journalism

November 8, 2010

Afghanistan in pictures- reminding us all of the price of war

On the eve of Remembrance Day, Afghanistan and the soldiers fighting there will be at the forefront of the minds of many. Adam Ferguson, a photojournalist who has covered the war in Afghanistan extensively, will be speaking at the Frontline Club on the 10th about his work there and beyond.


October 19, 2010

A week of debate, insight and parties in the Forum

Does the Demotix citizen journalism agency offer a model for the future or will it simply undercut the professionals? Love them or hate them, Demotix has made its mark on the industry. Our networking party tonight offers the opportunity to meet Demotix CEO Turi Munthe and hear about their work as well as network and […]


October 18, 2010

Frontline Awards 2009

Ahead of this year’s Frontline Awards on 25 November here is a quick recap of last year’s winners. Lasantha Wickrematunge, the editor in chief of the Sri Lankan newspaper The Sunday Leader who was murdered on 8 January 2009 was posthumous awarded the Frontline Memorial Award. Wickrematunge was one of Sri Lanka’s most courageous and […]


October 12, 2010 7:00 PM

TV journalism in the 21st century: The real golden age?

View in iTunes Featuring: — Peter Horrocks, BBC director of global news — Ben Cohen, Channel 4 News technology correspondent — Greg Beitchman, global editor of the Reuters news agency — Simon Bucks, associate editor at Sky News. Chaired by Matt Wells, head of audio at the Guardian, and presenter of the Media Talk podcast. There is much talk […]


September 30, 2010

The Guardian’s Jerusalem correspondent on new tools for journalists

Harriet Sherwood reflects on life as a foreign correspondent after four months in Jerusalem for The Guardian. Here she offers an assessment of the new platforms available to journalists: "…in the digital age, there are other platforms to consider. I have flirted with Twitter and, to a lesser extent, Facebook. The former seems a useful […]


September 21, 2010

BBC Newsnight says MoD refused to provide figures for Sangin attacks

British forces have handed over responsibility for security in Sangin, Afghanistan to their U.S. counterparts. More than a hundred British soldiers lost their lives in the district. As part of their research for last night’s coverage of this story, BBC Newsnight wanted the figures for "significant attacks on coalition forces in Sangin". They were trying […]


September 16, 2010

Should local voices replace foreign correspondents?

Solana Larsen, one of the co-founders of Global Voices, argues that local bloggers and journalists are able to connect us deeply to the stories they tell and are unencumbered by the news production process in Western media newsrooms: "Events don’t look the same when they are told from the inside out. I am reminded of […]


September 15, 2010

Embedded in Afghanistan: “All you can do is give a snapshot”

Embedded journalism in Afghanistan is on the agenda at the Frontline Club this evening. Several journalists are on the panel including Caroline Wyatt, (BBC), Tim Marshall, (Sky News) and the Club’s founder Vaughan Smith. While they’ll be discussing Afghanistan and embedding tonight, The Independent‘s Defence and Diplomatic Correspondent, Kim Sengupta, will be heading back to […]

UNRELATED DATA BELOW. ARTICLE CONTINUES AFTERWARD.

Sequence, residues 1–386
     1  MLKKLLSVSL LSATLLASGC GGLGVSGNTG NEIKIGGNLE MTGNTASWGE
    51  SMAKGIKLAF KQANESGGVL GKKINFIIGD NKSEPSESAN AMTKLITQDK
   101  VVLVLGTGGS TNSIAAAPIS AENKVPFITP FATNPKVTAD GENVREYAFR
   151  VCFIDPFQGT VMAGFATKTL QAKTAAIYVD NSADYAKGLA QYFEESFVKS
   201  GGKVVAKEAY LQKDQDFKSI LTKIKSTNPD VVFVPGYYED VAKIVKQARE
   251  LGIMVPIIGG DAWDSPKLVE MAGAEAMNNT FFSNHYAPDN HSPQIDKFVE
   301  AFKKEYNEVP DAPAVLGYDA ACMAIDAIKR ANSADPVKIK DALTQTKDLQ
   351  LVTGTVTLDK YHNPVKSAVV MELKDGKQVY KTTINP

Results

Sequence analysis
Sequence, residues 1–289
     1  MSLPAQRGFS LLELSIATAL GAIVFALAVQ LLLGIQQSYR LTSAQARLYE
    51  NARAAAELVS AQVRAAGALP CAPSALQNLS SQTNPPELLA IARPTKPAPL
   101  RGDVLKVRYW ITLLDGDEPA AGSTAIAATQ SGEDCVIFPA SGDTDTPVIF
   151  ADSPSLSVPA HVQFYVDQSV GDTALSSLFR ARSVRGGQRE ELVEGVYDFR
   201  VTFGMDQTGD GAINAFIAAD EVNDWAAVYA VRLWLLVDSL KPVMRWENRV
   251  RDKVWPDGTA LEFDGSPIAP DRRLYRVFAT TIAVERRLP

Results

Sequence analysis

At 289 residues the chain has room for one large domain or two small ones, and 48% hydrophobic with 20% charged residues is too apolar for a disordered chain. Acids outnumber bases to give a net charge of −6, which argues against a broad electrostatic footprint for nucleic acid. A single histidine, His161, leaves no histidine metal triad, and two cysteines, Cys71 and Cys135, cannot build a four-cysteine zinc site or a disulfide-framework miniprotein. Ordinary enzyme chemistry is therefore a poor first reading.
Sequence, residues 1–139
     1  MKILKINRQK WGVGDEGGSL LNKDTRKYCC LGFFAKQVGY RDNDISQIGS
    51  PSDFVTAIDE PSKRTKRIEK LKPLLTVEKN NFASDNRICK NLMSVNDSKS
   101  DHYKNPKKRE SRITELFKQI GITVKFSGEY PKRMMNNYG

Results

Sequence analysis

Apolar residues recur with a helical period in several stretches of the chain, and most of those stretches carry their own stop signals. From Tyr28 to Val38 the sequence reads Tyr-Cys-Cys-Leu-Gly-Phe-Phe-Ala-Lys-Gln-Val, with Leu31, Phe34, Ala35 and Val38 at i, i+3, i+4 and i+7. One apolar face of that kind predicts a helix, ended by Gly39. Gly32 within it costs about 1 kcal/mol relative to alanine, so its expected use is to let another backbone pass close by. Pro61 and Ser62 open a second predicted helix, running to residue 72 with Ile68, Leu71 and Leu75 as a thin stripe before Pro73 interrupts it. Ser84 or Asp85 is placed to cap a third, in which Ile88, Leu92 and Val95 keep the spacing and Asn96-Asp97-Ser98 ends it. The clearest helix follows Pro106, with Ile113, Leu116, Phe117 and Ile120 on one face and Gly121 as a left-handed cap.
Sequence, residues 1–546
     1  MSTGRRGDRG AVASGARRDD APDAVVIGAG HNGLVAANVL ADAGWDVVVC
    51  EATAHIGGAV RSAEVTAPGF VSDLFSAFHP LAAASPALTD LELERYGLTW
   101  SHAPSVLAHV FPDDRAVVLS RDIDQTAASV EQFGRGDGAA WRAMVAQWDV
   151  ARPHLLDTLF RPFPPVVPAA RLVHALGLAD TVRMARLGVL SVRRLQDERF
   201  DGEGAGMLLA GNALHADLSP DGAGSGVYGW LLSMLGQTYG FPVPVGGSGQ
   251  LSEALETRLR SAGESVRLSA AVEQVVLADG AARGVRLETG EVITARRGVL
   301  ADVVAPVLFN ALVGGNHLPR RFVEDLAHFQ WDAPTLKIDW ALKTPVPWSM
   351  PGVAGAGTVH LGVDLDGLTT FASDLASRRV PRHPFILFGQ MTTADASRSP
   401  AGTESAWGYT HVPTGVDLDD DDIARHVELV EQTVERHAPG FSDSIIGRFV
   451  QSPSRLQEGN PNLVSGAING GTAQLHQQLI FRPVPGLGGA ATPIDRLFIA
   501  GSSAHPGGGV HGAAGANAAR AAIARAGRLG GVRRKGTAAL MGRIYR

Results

September 1, 2010

Upcoming paper on the BBC’s coverage of the Mumbai attacks

Just a note to let you know that later this month I’ll be speaking about the BBC’s coverage of the Mumbai attacks in 2008. The paper is a case study of the BBC’s adoption of live text commentary to report breaking news. Indeed, Mumbai was the first time the BBC had used a ‘live-blogging’ format […]


August 31, 2010

Reporting Vietnam: ‘We don’t only work for the news, we work for the memory’

By Gouri Sharma The only victory for the media during the Vietnam War was that the public decided it never wanted to see those images and stories again. That was a central theme at a Frontline event on Friday to mark the 35 years of the end of the Vietnam war. If you couldn’t be […]


August 13, 2010

How Wikileaks is changing journalism

Tensions were revealed in the relationship between some of the news organisations that collaborated with the whistleblowing organisation Wikileaks in publishing the Afghan War Diary when its founder Julian Assange spoke at a Frontline Club event last night. Speaking via Skype at a discussion hosted by Paddy O’Connell, presenter of BBC Broadcasting House, Assange said […]


July 26, 2010

Media round up: Wikileaks releases Afghanistan war logs

Main coverage Wikileaks "The Afghan War Diary [is] an extraordinary secret compendium of over 91,000 reports covering the war in Afghanistan from 2004 to 2010. The reports describe the majority of lethal military actions involving the United States military. "We hope its release will lead to a comprehensive understanding of the war in Afghanistan and […]


July 23, 2010 7:00 PM

Rebecca Peyton: ‘Sometimes I Laugh Like My Sister’

On 10 February 2005 BBC journalist Kate Peyton was murdered in Mogadishu, Somalia. Kate Peyton’s younger sister Rebecca Peyton will be at the Frontline Club to perform her one-woman show, which invites us into her post-Kate world: a life that is changed forever, but it goes on.


July 15, 2010

Any difference between PR and journalism?

Watch the full event here.  “PR has always been the get-out for journalists who want to make more money,” said Martin Veitch who is due to join Bite Communications. “Those who wanted to drink more would become journalists instead.” This arguably outdated vision of the intrinsic differences between journalism and PR is what promted Frontline […]


June 28, 2010

McChrystal, Michael Hastings and the future of war reporting

Last week, General Stanley McChrystal was fired from his position in charge of U.S. and NATO forces in Afghanistan after comments he made in a magazine article. As I write it looks as though he will retire from the military altogether. In the article written by journalist Michael Hastings for Rolling Stone, McChrystal and (in […]